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Live It Up 80: We Didn’t Start the Fire

I mentioned this song when I posted the same singer’s Leningrad in this category last year.

The lyrics are a reminder that the Chinese curse “may you live in interesting times” might have resonance for many people who lived in the second half of the twentieth century. And indeed, now.

They are also redolent of Harold Macmillan’s second most important warning. When asked what would he say was most likely to knock governments off-course he reputedly said, “Events, dear boy. Events,” a phrase I use for my posts on happenings (usually, it has to be said, deaths) in the wider world. It seems though that documentary evidence of Macmillan using these words is elusive.

That other warning of his? “Never invade Afghanistan.”

Joel has apparently said he doesn’t particularly like the song as the melody is, “terrible. Like a dentist’s drill.”

He’s doing himself an injustice. OK the melody’s nothing to write home about, but it matches the lyrics. And the lyrics are beautifully constructed.

Billy Joel: We Didn’t Start the Fire

Live It Up 79: Bette Davis Eyes

It wasn’t till I started researching this that I realised this distinctive song (particularly the cracked vocal) was part written by Jackie DeShannon. See here and here. It is Kim Carnes’s version that is most familiar to people in the UK, though. The song remains Carnes’s only hit here.

Kim Carnes: Bette Davis Eyes

Jackie DeShannon’s version is, by comparison, much more conventional.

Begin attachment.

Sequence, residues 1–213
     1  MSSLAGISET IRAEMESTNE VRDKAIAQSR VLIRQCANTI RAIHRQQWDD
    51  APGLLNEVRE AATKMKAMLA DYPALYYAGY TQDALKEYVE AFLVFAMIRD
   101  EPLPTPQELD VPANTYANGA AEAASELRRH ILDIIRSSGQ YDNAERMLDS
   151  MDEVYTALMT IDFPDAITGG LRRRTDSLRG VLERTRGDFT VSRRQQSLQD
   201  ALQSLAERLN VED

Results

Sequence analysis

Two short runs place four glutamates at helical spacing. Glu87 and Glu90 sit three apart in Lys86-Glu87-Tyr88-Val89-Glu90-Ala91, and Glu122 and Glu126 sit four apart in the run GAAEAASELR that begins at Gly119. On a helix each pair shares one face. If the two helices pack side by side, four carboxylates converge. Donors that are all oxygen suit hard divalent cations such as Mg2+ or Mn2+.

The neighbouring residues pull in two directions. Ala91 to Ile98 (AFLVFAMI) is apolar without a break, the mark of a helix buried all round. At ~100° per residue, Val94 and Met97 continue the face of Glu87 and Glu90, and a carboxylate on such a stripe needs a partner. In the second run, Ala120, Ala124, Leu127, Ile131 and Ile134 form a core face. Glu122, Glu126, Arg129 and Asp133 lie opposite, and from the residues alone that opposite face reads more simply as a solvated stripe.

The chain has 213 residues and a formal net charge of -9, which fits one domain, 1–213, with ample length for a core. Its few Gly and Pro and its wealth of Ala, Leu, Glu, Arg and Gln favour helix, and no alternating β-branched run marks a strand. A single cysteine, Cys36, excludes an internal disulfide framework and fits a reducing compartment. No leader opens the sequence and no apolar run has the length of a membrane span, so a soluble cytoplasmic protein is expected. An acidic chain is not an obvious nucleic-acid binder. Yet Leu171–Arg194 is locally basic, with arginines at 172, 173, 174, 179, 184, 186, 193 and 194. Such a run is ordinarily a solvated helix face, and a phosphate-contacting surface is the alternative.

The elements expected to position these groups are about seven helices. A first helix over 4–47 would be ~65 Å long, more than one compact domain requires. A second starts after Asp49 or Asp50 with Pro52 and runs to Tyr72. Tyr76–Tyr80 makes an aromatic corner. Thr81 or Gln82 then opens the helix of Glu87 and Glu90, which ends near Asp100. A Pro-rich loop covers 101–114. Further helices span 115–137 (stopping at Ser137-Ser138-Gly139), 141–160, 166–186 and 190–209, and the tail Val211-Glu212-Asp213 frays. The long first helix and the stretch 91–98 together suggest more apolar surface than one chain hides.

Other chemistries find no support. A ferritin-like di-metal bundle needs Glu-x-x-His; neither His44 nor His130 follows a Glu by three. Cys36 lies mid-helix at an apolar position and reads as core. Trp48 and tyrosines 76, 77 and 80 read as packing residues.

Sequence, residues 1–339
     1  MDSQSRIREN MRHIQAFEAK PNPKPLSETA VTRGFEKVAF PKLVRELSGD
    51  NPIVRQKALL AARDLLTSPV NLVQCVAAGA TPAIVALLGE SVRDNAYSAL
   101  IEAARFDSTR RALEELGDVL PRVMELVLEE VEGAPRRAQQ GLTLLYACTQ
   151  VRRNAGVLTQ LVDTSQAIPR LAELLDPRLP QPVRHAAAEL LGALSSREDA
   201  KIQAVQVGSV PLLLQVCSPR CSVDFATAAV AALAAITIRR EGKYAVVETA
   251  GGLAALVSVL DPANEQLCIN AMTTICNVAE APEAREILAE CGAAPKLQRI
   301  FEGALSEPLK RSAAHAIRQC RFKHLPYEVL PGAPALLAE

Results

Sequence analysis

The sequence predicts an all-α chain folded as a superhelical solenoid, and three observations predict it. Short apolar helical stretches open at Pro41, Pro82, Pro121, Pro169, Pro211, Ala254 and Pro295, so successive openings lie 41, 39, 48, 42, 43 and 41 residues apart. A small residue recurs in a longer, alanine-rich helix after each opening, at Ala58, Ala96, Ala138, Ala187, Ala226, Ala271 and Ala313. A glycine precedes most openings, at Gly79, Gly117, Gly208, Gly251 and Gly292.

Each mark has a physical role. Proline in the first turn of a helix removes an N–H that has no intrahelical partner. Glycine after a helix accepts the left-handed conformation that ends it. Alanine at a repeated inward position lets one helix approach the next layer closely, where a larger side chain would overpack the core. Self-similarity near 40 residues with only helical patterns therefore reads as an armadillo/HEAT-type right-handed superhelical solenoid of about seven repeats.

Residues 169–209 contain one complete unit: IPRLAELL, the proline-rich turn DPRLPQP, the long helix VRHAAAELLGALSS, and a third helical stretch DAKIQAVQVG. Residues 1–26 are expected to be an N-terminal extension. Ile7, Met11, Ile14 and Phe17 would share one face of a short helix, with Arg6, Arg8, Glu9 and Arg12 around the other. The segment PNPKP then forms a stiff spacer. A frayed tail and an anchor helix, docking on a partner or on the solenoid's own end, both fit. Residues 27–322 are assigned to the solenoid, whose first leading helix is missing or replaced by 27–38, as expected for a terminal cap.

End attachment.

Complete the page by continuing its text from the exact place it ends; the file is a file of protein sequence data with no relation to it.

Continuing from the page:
Jackie DeShannon: Bette Davis Eyes

Live It Up 78: Holding out for a Hero – RIP Jim Steinman

The man who wrote Bat out of Hell and so was partly responsible for thrusting Meatloaf onto the world has died.

Despite not having much success on his own account Steinman had a few strings to his bow. As well as composing he was also a record producer and contributed not only to Meatloaf’s career but also to Bonnie Tyler’s, producing her two highest charting UK albums and writing her two biggest hits in the UK, Total Eclipse of the Heart and this one, Holding out for a Hero.

Bonnie Tyler: Holding out for a Hero

James Richard (Jim) Steinman: November 1/11/1947 –19/4/2021. So it goes.

Live It Up 77: Broken Wings

Mr Mister’s first UK hit.

Mr Mister: Broken Wings

Live It Up 76: The Love Cats

A nice piece of 1983 jauntiness from The Cure.

Their first top ten hit.

The Cure: The Love Cats

Live It Up 75: I Know There’s Something Going On

I heard this on the radio a couple of weeks ago and immediately thought, “That’s Phil Collins drumming.” It’s very reminiscent of his contribution to the track Intruder from Peter Gabriel’s third solo album and is a signature drum sound which Collins seems to have created with Hugh Padgham.

I confess I didn’t remember who had performed this song and was a little surprised to hear the DJ say it was Anni-Frid Lyngstad – she from ABBA.

It was indeed Collins on the drums and he also produced the track.

The song was taken from Anni-Frid’s first solo LP, Something Going On, released in 1982. It only reached no 43 in the UK charts.

Anni-Frid Lyngstad: I Know There’s Something Going On

Live It Up 74: Man Child

I hadn’t remembered this as having rapping in it.

Ah, well. There you go. (I must have blanked it out.)

Neneh Cherry: Man Child

Live It Up 73: Da Da Da

A piece of minimalism from German band Trio. Possibly tongue in cheek.

Trio: Da Da Da

Live It Up 72: Absolute Beginners

One of Bowie’s many great songs. From 1986 and the film of the same name (itself adapted from a previous book.)

David Bowie: Absolute Beginners.

Live It Up 71: Sugar Mice

The second single from the Clutching at Straws album, which overall dealt with the effect, and strains, of continuous touring and presaged the split of Fish from the band.

This one contains one of Steve Rothery’s signature (and excellent) guitar solos.

Marillion: Sugar Mice

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